The Hellenistic poet Aratus of Soli (ca to before bc)1 is known primarily as the author of Phaenomena, a poem which de- scribes the constellations and. Phaenomena, a poem on star constellations and weather signs by Aratus (c. BCE), was among the most widely read in antiquity and one of the few. Aratus’ Phaenomena is a didactic poem—a practical manual in verse that teaches the reader to identify constellations and predict weather. The poem also .

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His only surviving work is the Phaenomenaa book describing the constellations and weather signs. Callimachus, Hymns and Epigrams. Translated by Mair, A. Loeb Classical Library Volume This Loeb volume is still in print and available new from Amazon. In addition to the translation of Aratus’ Phaenomenathe book contains translations of Callimachus’ Hymns and Epigramsand Lycophron’s Alexandra arafus, the source Greek texts, Mair’s introduction and footnotes, and an index of proper phaenomsna. Some more recent translations of Aratus, commentaries and a star chart based on his work appear in the booklist left below.

The Five Planets D. Circles of the Celestial Sphere E. For we are also his offspring; and he in his kindness unto men giveth favourable signs and wakeneth the people to work, reminding them of livelihood.

He tells what time the soil is best for the labour of the ox arstus for the mattock, and what time the seasons are favourable both for the planting of trees and for casting all manner of seeds. For himself it was who set the signs in heaven, and marked out the constellations, and for the year devised what stars chiefly should give to men right signs of the seasons, to the end that all things might grow unfailingly.

Wherefore him do men ever worship first and last. Hail, O Father, mighty marvel, mighty blessing unto men. Hail to thee and to the Elder Race! Hail, ye Muses, right kindly, every one! But for me, too, in answer to my prayer direct all my lay, even as is meet, to tell the stars.

But the Axis shifts not a whit, but unchanging is for ever fixed, and in the midsts it holds the earth in equipoise, and wheels the heaven itself around. Encompassing it two Bears [Ursa Major and Minor] wheel together — wherefore they are also called the Wains.

Now they ever hold their heads each toward the flank of the other, and are borne along always shoulder-wise, turned alternate on their shoulders. If, indeed, the tale be true, from Crete they by the will of mighty Zeus entered up into heaven, for that when in olden days he played as a child in fragrant Dicton, near the hill of Ida, they set him in a cave and nurtured him for the space of a year, what time the Dictaean Curetes were deceiving Cronus.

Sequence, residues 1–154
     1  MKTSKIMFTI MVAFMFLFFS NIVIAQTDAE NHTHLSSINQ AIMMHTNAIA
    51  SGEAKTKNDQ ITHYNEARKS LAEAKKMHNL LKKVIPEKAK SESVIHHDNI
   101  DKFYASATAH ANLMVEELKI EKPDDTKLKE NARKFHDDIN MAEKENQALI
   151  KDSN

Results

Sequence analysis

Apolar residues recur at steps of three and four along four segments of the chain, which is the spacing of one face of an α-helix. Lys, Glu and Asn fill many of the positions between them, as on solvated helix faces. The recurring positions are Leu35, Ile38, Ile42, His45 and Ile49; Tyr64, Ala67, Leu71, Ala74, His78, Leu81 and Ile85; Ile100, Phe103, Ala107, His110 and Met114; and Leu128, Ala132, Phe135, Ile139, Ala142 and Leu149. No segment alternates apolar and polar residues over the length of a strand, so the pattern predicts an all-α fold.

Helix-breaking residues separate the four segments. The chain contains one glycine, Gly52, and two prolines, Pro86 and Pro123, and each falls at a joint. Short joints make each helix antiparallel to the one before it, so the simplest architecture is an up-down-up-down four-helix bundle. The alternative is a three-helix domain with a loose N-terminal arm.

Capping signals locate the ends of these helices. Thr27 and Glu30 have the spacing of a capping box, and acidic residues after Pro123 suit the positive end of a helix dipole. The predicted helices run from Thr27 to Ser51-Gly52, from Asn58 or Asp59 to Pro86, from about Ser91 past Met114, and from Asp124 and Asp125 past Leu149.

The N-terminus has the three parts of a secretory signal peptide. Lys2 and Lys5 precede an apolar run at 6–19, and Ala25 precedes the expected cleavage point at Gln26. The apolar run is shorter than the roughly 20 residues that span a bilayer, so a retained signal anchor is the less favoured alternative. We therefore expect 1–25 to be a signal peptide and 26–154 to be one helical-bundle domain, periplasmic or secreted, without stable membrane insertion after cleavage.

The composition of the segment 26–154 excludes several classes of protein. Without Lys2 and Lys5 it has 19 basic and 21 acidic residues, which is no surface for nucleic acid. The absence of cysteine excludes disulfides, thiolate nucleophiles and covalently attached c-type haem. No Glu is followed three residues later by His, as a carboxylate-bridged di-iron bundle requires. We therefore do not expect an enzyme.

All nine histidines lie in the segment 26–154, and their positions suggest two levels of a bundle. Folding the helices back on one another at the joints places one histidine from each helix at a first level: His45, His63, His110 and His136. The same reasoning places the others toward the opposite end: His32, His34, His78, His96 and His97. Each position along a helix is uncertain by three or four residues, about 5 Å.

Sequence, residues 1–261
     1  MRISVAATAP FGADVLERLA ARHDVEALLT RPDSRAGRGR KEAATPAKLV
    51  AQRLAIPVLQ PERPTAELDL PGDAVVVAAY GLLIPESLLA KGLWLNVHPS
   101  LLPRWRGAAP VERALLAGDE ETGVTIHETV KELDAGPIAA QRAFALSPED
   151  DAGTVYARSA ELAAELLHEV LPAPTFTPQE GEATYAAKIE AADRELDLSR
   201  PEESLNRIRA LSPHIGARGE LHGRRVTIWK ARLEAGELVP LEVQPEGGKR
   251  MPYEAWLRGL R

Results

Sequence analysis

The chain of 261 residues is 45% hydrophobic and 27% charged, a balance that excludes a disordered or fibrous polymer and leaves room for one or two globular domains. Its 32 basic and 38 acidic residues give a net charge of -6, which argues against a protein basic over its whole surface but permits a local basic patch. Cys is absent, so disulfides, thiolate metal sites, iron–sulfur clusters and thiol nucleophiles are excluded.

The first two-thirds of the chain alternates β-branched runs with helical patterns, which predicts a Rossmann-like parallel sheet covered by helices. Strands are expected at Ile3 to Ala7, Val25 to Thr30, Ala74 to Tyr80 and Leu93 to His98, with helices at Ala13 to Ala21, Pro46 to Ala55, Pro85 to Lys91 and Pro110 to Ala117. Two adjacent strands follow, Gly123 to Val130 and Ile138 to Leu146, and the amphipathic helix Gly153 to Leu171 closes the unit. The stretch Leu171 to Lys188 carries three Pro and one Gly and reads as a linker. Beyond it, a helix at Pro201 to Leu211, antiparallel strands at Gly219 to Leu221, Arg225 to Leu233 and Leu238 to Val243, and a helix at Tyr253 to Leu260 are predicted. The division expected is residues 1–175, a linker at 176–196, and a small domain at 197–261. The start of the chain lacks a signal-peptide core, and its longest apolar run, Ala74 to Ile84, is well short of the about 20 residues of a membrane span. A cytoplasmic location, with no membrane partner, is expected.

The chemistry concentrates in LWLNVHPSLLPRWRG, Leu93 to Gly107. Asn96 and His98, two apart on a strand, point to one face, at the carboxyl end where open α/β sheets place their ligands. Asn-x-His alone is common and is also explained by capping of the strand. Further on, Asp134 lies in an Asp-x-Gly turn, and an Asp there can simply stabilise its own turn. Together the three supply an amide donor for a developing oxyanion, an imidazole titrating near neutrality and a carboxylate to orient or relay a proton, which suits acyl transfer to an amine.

Now the one men call by name Cynosura and the other Helice. It is by Helice that the Achaeans on the sea divine which way to steer their ships, but in the other the Phoenicians put their trust when they cross the sea. But Helice, appearing large at earliest night, is bright and easy to mark; but the other is small, yet better for sailors: By her guidance, then, the men of Sidon steer the straightest course.

Now towards the one he stretches the end of his tail, but with the coil he intercepts the Lesser Bear. Araus tip of his arats ends by the head of Helice, but in the coil Cynosura has her head. For his coiled circles past her very head pgaenomena comes near her feet, but again, turning back, runs upward.

Not one lone star shines on his head, but hpaenomena his brows are two phaenmoena lit, and two in his eyes, and one beneath is set upon the chin-point of the dread monster.

Aslant is his head, and he seems most like as if he were nodding to the tip of the tail of Helice; his mouth and right temple straight confront the end of her tail.

That head wheels near where the limits of setting and rising blend. That sign no man knows how to read clearly, nor what task he is bent, but men simply call him On His Knees [Engonasin].


Over the middle of the head of the crooked Dragon, he has the tip of his right foot. They would be clear to mark even at the midmonth moon, but his hands are not at all so bright; for faint runs the gleam of stars along on this side and on that.

Yet they too can be seen, for they are not feeble.

Phaenomena | work by Aratus |

Both firmly clutch the Serpent, which encircles the waist of Ophiuchus, but he, stedfast with both his feet well set, tramples a huge monster, even the Scorpion, standing upright on his eye and breast. Now the Serpent is wreathed about his sratus hands — a little above his right hand, but in many folds high above his left. Very bright is he all; but arahus his belt wheels a star, bright beyond the others, Arcturus himself.

Whether she be daughter of Astraeus, who, men say, was of old the father of the stars, or child of other sire, untroubled phaenomwna her course! But another tale is current among men, how of old she dwelt on earth and met men face to face, nor ever disdained in olden time the tribes of men and women, but mingling with them took her seat, immortal though she was.

Her men called Justice; but she assembling the elders, it might be in the market-place or in the wide-wayed streets, uttered her voice, ever urging on them judgements kinder to the people.

Not yet in that age had men knowledge of hateful strife, or carping contention, or din of battle, but a simple life they lived. Far from them was the cruel sea and not yet from afar did ships bring their livelihood, but the oxen and the plough and Justice herself, queen of the peoples, giver of things just, abundantly supplied their every need.